By Paul Goble
Cholera outbreaks in Ukrainian cities whose infrastructure has been destroyed by Russian forces has already attracted attention, but Natalya Vinograd, a Lviv epidemiologist warns that there are risks of tetanus and typhoid epidemics there as well for the same reason.
She also warns that there may be a spread of “exotic infections” that the Russian troops and especially those recruited from Buryatia or other distant locations may have carried with them when they invaded her country (life.nv.ua/socium/voyna-mozhet-vyzvat-epidemii-ne-tolko-holery-no-stolbnyaka-vshey-tifa-ekspert-novosti-ukrainy-50248868.html).
Cholera is a particular threat, Vinograd says, because in its early stages, the disease seldom sends people for medical treatment. When they finally go, it may be too late to save them; and as a result, the mortality rate from the disease is extremely high – 17 to 30 percent — far higher than it needs to be.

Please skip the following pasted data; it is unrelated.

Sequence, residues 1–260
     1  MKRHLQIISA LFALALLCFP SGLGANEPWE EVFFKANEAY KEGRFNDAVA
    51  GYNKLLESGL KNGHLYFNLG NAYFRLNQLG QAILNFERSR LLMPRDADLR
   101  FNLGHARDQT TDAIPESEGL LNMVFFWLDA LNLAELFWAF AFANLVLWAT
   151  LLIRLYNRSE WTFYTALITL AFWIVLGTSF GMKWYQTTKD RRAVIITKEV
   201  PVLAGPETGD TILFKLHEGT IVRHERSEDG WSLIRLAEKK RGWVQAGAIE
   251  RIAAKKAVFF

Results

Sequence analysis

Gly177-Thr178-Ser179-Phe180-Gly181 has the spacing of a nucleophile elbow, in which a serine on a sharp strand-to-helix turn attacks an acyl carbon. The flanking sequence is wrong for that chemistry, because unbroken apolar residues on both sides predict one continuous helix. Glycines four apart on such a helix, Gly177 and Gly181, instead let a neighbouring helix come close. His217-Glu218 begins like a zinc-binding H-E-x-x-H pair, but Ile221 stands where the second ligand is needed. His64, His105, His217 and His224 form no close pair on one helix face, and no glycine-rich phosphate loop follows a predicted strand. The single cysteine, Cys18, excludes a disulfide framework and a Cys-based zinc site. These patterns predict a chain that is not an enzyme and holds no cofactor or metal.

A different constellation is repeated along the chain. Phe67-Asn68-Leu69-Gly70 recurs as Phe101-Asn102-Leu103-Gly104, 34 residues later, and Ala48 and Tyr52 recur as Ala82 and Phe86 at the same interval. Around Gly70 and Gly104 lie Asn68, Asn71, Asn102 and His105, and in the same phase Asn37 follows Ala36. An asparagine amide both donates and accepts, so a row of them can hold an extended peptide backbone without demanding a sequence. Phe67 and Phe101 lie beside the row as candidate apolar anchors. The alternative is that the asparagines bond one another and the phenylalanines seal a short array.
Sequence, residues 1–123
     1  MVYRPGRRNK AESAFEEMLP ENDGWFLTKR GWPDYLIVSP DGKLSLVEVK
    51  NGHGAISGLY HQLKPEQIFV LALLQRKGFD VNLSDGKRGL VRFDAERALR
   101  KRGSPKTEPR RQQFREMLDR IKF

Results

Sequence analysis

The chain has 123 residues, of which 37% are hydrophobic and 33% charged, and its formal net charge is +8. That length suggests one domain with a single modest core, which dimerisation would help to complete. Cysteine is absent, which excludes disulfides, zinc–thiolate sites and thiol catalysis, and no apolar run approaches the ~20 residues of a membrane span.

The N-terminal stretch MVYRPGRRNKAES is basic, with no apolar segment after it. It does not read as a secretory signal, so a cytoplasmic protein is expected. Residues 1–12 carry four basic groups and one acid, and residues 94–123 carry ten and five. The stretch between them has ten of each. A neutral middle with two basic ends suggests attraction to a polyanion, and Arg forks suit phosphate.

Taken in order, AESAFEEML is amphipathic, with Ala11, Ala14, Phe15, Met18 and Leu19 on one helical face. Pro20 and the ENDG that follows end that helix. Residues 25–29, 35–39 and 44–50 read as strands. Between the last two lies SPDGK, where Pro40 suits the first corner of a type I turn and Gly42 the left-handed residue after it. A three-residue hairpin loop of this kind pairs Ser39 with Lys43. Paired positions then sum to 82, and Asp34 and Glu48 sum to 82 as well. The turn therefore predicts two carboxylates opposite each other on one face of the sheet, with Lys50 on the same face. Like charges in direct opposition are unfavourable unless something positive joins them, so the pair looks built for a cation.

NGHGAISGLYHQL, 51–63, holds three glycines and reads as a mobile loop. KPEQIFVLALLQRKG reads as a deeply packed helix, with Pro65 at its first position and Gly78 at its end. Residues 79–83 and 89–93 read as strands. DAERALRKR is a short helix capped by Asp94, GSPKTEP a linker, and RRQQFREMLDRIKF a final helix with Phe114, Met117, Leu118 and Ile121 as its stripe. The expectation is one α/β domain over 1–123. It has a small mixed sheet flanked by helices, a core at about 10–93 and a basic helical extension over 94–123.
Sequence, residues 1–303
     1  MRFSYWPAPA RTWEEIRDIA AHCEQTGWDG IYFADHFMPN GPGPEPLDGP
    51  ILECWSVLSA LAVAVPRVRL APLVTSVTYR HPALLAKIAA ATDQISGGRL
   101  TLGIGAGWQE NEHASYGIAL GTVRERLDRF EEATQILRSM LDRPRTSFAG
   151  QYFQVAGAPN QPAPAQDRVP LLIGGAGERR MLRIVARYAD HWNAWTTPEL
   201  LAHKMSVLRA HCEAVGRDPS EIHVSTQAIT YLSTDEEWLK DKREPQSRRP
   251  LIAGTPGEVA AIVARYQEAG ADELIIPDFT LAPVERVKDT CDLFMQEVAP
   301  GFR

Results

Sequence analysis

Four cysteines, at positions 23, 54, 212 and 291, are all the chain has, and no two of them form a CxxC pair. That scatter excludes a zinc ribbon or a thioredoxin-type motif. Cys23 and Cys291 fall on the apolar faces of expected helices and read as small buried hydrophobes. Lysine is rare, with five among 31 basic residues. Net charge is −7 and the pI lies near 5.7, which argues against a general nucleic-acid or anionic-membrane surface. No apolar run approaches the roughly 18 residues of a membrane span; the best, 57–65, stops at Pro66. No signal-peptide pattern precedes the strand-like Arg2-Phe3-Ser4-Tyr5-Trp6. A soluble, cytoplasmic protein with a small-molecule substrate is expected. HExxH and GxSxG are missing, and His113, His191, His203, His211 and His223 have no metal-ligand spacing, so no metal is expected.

She says that cholera is extremely likely to spread from Mariupol where it was first seen to other Ukrainian cities whose water and sewage infrastructure has been heavily damaged or where foods have become contaminated. To combat this, doctors need to identify origins; but often the first people infected are now in Russian-controlled areas where nothing is being done.
According to Vinograd, there is also a great risk of other kinds of infections becoming epidemic in proportion because so many Ukrainians are now moving from place to place as a result of the fighting. They carry the bacteria with them and thus represent a threat to others even as they try to save themselves.